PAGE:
The Los Angeles Times from Los Angeles, California on February 7, 1965 · Page 101
Get access to this page with a Free Trial
Click to view larger version

A Publisher Extra Newspaper

The Los Angeles Times from Los Angeles, California · Page 101

Los Angeles, California
Issue Date:
Sunday, February 7, 1965
Page 101
Start Free Trial

Page 101 article text (OCR)

Pasadena Salutes a Young Master BY HENRY J. SELDIS In these accelerated times we are confronted increasingly with the en-Bhrinement of artists still in their 30s as contemporary "old masters." Thus the Pasadena Art Museum has been filled With some hundred works by Jasper johns, who first came to wide public attention only in 1958 and has since been the object of one of the most thorough jobs of promotion ever contrived by a more and more Madison Avenue-uainded art world. As a result, the great preview crowd of cognoscenti which filled the museum (mostly facing each other and away from the walls), having come from tha art fashion centers of tha world, Seemed in a state of auto-intoxication about the splendor and significance of this event, while visitors encountered on tha first public day of the exhibit were few and puzzled. Variations on a Theme ; Be that as it may, Johns happens to b a man of extraordinary talent and obvious diligence whose unorthodox approaches to painting and sculpture reflect both irony and engagement Unities those who have seen a decline in his work since the early part of his career when his creations seemed more controlled and less expressive than now, the later works are more convincing to me, though the artist's handling of extraneous elements in his work leaves much to be desired in way of inventiveness (or even of shock). Johns is a visual juggler who would have you believe that everything goes fa his work, yet the element of control (and often of cerebral irony) is present la most of his outstanding achievements. He is concerned not only with Juxtaposing banal images constantly presented to us in a mass-production JASPER JOHNS' "LARGE TARGET CONSTRUCTION" IN PASADENA SHOW society with a subjectively and painterly expressiveness that is basically poetic, but also with the problem of the exploration of space. And it does not really distract from their validity that his explorations in pictorial space are carried on through "the flat variations on a flag theme which mark a high point in his career, or by the fabricating and casting of a flashlight and a llghtbulb and socket which seem to supply his answer (deliberately mundane) to the question of three-dimensional space. Though Johns is now widely hailed as the immediate forerunner of pop art, his own creations contain a far higher degree of transformation and a far deeper concern with aesthetic considerations (even in their anti-aesthetic manifestation) than can be found in the superficial, sensational work of many of the younger pop artists. That Johns himself Is by no means a mere sensationalist is clearly demonstrated by the quality of invention and execution found in his drawings and prints, particularly those which deal with hi3 endless-exploration of numbers in a symbolic and spatial sense. A Dynamic Colorist His more recent paintings aeem much closer to the celebration of tha gesture that was central to abstract-expressionism than to the mechanically produced images of latter-day pop. His handling of color is dynamic and his recent palette seems imbued with a brilliancy close to Hans Hofmann's. It is doubtful that any small museum has ever allowed its visitors a look at a young artist in such depth. Whether or not such a retrospective is premature in Johns' case hardly matters because it is certainly rewarding to be able to follow one man's development In conception and execution step by step. To date he seems to have traveled from creating neat and ironic images to producing paintings of seething, churning sensuality. He does not merely appear as a transitional figure between abstract expres-lionism and pop but as an artist of superior talent and considerable poetic power who may well survive premature fame and fortune to create mature expressions in or out of step with fashion that will warrant a major retrospective 20 years hence. His Aims: Have People Look It seems to me that a recent work, titled "Arrival and Departure," which Is devoid of any sense of gimmickry ' may point to the kind of painting Johns will do increasingly as he toes of Teo-Dada tricks. Meanwhile, his aim seems to be simply to have us look; to accept reality without trying to analyze it. To those who come to the Jasper Johns show uninitiated in the most recent trends in contemporary American art, his iconcclasm may seem outrageous. But without joining the uncritical chorus of . adulation which has brought him to the pinnacle of the current art market, we conclude that Johns' vision is personal, powerful and persuasive. The exhibition, which continues to Feb. 21 at the Pasadena Art Museum, deserves careful attention from skeptics as well as followers of tha dernier crL ktMi.; lis "jylgs:! 1 rT - 11 iaiJLajMjJtiaii ' - " immO BRONZE BY JASPER JOHNS "HIGHWAY '59," JOHNS ENCAUSTIC AND COLLAGE ON CANVAS TWO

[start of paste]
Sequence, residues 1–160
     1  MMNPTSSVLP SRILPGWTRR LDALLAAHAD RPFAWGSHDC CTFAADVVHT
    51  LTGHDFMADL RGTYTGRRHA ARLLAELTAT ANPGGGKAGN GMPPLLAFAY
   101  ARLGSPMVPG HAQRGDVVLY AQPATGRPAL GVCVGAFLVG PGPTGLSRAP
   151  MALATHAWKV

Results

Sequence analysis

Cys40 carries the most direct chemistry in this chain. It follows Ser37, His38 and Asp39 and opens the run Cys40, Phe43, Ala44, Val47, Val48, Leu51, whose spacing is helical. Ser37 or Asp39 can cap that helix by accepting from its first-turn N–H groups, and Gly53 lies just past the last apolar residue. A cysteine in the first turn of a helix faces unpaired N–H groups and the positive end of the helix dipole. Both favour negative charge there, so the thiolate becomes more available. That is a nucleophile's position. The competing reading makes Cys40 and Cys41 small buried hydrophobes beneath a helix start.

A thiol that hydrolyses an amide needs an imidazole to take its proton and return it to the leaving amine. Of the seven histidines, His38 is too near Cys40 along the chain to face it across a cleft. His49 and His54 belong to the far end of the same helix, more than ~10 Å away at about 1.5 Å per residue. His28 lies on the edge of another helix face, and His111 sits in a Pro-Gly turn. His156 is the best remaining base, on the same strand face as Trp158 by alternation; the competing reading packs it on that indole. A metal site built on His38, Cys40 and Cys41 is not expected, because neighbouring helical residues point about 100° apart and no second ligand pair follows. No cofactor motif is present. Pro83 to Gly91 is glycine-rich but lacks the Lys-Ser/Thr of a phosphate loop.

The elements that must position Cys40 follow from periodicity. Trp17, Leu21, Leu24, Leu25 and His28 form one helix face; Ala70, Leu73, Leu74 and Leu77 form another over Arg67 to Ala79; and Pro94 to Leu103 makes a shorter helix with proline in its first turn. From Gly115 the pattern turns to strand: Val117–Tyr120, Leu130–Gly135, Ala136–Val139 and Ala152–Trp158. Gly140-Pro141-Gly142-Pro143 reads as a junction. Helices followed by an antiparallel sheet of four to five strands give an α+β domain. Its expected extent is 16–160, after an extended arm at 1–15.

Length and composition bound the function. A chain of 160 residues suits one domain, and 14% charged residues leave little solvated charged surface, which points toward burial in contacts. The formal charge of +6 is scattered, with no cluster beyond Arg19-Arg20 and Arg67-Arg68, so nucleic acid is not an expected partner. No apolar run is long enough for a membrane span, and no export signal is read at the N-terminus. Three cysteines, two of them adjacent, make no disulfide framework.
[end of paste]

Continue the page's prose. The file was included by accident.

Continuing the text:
Get full access with a Free Trial

Start Free Trial

What members have found on this page